I am a sort of pseudo-technophile. I don’t champion it all that often as I have always been of the belief that technology equates to utility so if the utility doesn’t become apparent in a few heartbeats, I generally discard it. That being said, I do maintain a hefty dose of social media channels, dabble in Second Life (which has a lot more utility than I initially thought), love my podcasting/video tools, but I am most excited (academically giddy) with the possibility of mobile learning, of using mobile devices to achieve that desired goal of lifelong learning.

However, mobile learning generally is the black sheep of the classroom>elearning>mlearning continuum precisely because it is so far off the pedagogical radar. It disentangles foundational curriculum and takes learning out into the streets, like a Parisian mob (it was Bastille Day the other day; apologies for the reference). Learning with a phone? Sending shivers down institutional spines the world over.

But it is the future and there is no escaping it. It just a matter of wrapping our mind the cognitive realities of learning without the disconnect between life and the object of learning (when life becomes the object of learning). To understand the pitfalls, the natural rhythms, the paths to cognitive development. Learning as a social mass with tools all the masses use: mobile phones. There are approximately 6.7 billion on the planet and 1.6 billion of those are connected to the internet. However, there are more than 4 billion mobile phone subscriptions. An extra few billion we can educate. Be sure to check out this site as it offers a brilliant mobile taxonomy that can be quite useful for institutions considering offering a mobile suite of educational services.

Mobile learning can be ubiquitous and now, as far as I can see it, it can be seamless. Welcome to Layar, an iPhone/Android app that allows you to layer information over reality (as seen through your phone). The video does a good job as a proof of concept and offers a good use case so I won’t spend too much time going into my own.


Teachers out there, if you aren’t thinking about how this can be used for learning, then you should be. Not because it is the cutting edge/flavor of the month/shiny new object that all the kids are playing with, but rather because of the utility it affords the learning process. It offers a thousand more chances for people to learn in the course of their daily life. Why bother with the abstraction/disconnect of the classroom conversation and the real life experience? Cement that conceptual understanding with reality. Immediately.

If someone doesn’t know they are learning, can it be considered valid? Can it be benchmarked and measured as progress? Of course. A hungry, eager, active learner is a lifelong one, one naturally predisposed to seek the information that satisfies their need, their knowledge gap. Mobile applications like these immediately clear the debris from that path to self-actualization by combining the object of study with the study itself. Relatively seamlessly as well.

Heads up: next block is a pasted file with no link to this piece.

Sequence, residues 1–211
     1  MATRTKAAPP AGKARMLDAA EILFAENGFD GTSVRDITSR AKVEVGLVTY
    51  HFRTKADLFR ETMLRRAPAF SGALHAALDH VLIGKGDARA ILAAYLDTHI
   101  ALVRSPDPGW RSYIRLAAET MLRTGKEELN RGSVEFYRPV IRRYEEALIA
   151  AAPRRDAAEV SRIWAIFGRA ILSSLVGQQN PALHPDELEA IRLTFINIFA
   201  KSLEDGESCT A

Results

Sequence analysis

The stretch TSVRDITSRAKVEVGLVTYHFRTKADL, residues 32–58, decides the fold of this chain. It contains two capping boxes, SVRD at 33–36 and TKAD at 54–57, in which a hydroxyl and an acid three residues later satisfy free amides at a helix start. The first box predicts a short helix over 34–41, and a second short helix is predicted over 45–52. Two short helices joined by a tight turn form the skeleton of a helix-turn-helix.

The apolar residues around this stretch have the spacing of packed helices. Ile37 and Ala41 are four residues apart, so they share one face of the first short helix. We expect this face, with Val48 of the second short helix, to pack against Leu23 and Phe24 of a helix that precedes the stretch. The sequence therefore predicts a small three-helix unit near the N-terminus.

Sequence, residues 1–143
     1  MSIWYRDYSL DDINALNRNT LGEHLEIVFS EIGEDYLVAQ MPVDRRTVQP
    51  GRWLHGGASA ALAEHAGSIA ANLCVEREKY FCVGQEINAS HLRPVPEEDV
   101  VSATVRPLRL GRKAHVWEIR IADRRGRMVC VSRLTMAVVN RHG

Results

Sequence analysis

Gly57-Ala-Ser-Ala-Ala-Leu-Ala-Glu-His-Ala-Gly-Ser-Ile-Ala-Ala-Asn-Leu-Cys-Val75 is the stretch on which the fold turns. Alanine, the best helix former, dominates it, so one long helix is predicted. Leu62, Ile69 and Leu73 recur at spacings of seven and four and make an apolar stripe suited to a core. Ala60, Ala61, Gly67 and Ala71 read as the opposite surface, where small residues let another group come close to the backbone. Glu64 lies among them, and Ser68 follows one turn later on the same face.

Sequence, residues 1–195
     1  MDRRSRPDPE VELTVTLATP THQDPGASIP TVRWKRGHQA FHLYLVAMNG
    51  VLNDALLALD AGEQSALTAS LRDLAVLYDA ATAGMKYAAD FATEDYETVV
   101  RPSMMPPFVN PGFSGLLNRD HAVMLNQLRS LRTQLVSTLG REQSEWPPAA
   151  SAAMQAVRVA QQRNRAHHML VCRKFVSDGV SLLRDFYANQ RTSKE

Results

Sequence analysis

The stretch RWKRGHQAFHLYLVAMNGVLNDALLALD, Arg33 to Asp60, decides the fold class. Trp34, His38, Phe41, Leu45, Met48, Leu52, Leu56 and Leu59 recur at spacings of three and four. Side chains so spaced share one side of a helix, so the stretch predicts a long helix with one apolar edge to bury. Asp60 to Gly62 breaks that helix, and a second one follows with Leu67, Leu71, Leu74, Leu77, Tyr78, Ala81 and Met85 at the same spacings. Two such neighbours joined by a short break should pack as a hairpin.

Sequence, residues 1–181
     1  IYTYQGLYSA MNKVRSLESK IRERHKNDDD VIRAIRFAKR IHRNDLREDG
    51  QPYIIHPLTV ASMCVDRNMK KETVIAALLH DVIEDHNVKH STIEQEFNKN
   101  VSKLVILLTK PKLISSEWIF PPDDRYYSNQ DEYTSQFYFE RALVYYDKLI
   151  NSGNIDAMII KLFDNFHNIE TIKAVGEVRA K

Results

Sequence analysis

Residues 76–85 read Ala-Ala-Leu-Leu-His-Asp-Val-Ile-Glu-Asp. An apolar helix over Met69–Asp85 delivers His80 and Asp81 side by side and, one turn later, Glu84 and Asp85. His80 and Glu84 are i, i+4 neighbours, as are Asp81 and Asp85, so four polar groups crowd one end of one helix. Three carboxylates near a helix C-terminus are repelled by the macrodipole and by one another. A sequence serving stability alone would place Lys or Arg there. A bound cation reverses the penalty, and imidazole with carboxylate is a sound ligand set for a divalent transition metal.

OK, I couldn’t help myself. Here is the mobile taxonomy from the eLearning Roadtrip blog.

Mobile services taxonomy. There is more depth that can be thought possible. But where does higher order learning fit in?

Now, let’s do a quick bit of future-esque imagining. The mobile, like the laptop before it, has unstrapped the learner from the confines of location. Free to roam from place to place, to interact with reality, to reference information to satisfy needs, to do this all in motion, within the context of our daily lives. With Layar it is approaching seamlessness, the technical and waking reality converging as filters. But there is a next step that could be had. Imagine the technology being absolutely embedded within the waking life. Imagine a technology that was borderline invisible it was so well integrated. Imagine learning with this technology as an extension of self. Not like a cyborg, although my mind went to some Hollywood futuristic doomsday scenario as well.

The technology bends to you and allows your natural learning impulses to be exploited for greater cognitive development. Watch this video from Nokia about Morph, a proof of concept for nanotechnology, and consider the possibilities. Is technology driving the learning process? Perhaps, if only by unlocking means of channeling our natural energies into discovery. But we shouldn’t be afraid. It is not a threat, just an augmentation. Of learning, of reality. Besides, it certainly isn’t going anywhere.


By Michael Gallagher

My name is Michael Sean Gallagher. I am a Lecturer in Digital Education at the Centre for Research in Digital Education at the University of Edinburgh. I am Co-Founder and Director of Panoply Digital, a consultancy dedicated to ICT and mobile for development (M4D); we have worked with USAID, GSMA, UN Habitat, Cambridge University and more on education and development projects. I was a researcher on the Near Futures Teaching project, a project that explores how teaching at The University of Edinburgh unfold over the coming decades, as technology, social trends, patterns of mobility, new methods and new media continue to shift what it means to be at university. Previously, I was the Research Associate on the NERC, ESRC, and AHRC Global Challenges Research Fund sponsored GCRF Research for Emergency Aftershock Forecasting (REAR) project. I was an Assistant Professor at Hankuk University of Foreign Studies (한국외국어대학교) in Seoul, Korea. I have also completed a doctorate at University College London (formerly the independent Institute of Education, University of London) on mobile learning in the humanities in Korea.

Leave a Reply

Your email address will not be published. Required fields are marked *

This site uses Akismet to reduce spam. Learn how your comment data is processed.